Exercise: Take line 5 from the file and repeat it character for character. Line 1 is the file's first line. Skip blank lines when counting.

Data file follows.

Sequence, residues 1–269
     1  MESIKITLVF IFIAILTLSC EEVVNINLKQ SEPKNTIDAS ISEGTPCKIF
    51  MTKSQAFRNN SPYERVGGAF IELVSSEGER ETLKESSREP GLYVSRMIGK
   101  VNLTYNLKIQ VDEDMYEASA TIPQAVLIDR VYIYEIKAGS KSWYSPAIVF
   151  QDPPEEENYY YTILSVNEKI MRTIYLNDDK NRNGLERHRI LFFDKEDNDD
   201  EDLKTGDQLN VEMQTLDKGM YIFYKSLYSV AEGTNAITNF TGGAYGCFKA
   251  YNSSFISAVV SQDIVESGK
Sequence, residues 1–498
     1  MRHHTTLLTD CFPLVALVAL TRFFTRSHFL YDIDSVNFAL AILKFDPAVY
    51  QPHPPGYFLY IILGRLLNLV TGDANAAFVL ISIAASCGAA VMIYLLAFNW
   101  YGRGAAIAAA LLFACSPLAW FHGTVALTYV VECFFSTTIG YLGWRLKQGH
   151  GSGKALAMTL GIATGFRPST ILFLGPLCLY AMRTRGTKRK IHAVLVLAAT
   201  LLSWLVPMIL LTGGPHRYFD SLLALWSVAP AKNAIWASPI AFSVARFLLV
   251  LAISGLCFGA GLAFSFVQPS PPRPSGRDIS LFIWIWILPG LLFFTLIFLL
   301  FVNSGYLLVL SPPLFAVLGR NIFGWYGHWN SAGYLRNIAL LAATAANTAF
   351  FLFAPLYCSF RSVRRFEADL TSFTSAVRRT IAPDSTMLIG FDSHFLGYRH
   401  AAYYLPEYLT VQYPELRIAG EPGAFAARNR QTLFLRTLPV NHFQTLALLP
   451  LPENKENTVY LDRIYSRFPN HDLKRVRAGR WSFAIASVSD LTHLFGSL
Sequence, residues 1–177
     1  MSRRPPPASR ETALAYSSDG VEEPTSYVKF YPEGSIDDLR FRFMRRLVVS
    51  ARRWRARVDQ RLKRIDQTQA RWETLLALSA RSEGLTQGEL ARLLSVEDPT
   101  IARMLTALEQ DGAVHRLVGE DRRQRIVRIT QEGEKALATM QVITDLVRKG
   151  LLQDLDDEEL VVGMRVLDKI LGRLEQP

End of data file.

   151  QDPPEEENYY YTILSVNEKI MRTIYLNDDK NRNGLERHRI LFFDKEDNDD